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Originally Posted by 79pmooney View Post
Bob, I"m curious. You're cassette was 3000 miles old when you put this chain on. Did it shift well then? Also, did you start the cassette with a new chain 6200 mils ago?
To the best of my recollection everything shifted fine when I put this most recent chain on, it's only been in the past couple weeks that I've noticed things getting sloppy. And yes, I always put a new chain on when I put a new cassette on.

Originally Posted by 79pmooney View Post
I ask because neither of those mileages are especially far unless you are strong/big/ride hard hills. Now, riding small ring, small cog combinations increases wear quite a lot as does large crossovers. Dirt and low lubricant are also chain killers. That said, I have never been meticulous re: chain cleaning
Don't consider myself particularly "strong" or "big" but I do often ride hard hills. I'm pretty sensetive to -- though not dogmatic about avoiding -- cross-chaining. And I wipe down my chain with a paper towel after every ride, and keep it lubed at appropriate intervals.
I agree, ~3,000 miles isn't especially far for a chain's lifespan, but I'm usually pretty happy if I can get that much out of one.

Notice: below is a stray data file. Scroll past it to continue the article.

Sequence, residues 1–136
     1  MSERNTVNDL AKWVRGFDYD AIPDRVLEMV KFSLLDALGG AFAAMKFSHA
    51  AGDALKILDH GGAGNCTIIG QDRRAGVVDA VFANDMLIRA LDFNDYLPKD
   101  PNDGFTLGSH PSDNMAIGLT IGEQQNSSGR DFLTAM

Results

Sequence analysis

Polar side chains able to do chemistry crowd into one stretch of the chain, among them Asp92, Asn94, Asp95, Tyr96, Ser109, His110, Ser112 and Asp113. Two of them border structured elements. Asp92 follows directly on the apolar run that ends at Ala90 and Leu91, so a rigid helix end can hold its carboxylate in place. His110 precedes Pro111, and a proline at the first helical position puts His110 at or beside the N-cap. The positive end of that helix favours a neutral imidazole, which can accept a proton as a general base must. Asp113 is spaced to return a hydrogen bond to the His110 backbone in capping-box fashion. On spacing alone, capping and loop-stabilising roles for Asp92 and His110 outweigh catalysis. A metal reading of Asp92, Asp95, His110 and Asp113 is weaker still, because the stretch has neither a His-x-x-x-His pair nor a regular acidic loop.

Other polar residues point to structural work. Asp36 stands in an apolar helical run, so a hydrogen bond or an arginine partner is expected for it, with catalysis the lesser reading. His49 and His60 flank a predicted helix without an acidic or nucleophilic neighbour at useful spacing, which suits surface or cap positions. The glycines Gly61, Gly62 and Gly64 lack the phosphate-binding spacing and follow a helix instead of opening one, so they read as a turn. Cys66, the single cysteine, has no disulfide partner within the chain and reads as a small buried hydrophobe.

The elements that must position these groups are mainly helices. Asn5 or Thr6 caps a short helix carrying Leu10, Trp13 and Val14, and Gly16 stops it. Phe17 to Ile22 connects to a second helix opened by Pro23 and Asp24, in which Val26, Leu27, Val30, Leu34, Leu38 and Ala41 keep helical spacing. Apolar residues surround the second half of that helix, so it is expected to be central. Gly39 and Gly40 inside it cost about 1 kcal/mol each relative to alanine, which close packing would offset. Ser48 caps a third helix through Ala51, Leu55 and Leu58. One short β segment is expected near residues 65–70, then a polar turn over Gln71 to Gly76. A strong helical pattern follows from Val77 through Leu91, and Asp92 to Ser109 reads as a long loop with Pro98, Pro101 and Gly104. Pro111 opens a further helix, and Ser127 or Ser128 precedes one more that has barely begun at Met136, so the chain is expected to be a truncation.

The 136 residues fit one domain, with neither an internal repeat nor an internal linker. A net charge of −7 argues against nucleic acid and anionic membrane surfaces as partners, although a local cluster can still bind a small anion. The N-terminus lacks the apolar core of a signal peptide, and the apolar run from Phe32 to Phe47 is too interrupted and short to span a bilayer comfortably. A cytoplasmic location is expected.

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Old 06-10-21, 08:53 AM
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Originally Posted by Bob Ross View Post
Is there any possible way to (mis)deploy a CC-4 and get false-positive readings? Or, is it common to have a chain that doesn't register any wear on a CC-4 and yet shifts like crap, because it's actually got ~3,200 miles of use on it? Is this chain checker tool useless, or am I a tool?

Thanks.
1. Increased flexibility from side plate wear can degrade shifting although a chain has not elongated
2. Some chains elongate slower than others, notably Campagnolo. I replace mine after 4500 miles because front shifts are slowing although they're just reaching 1/32" of elongation over 11".
3. $1 rulers are more accurate than most chain checkers because they measure pitch change without error from roller/bushing/pin clearance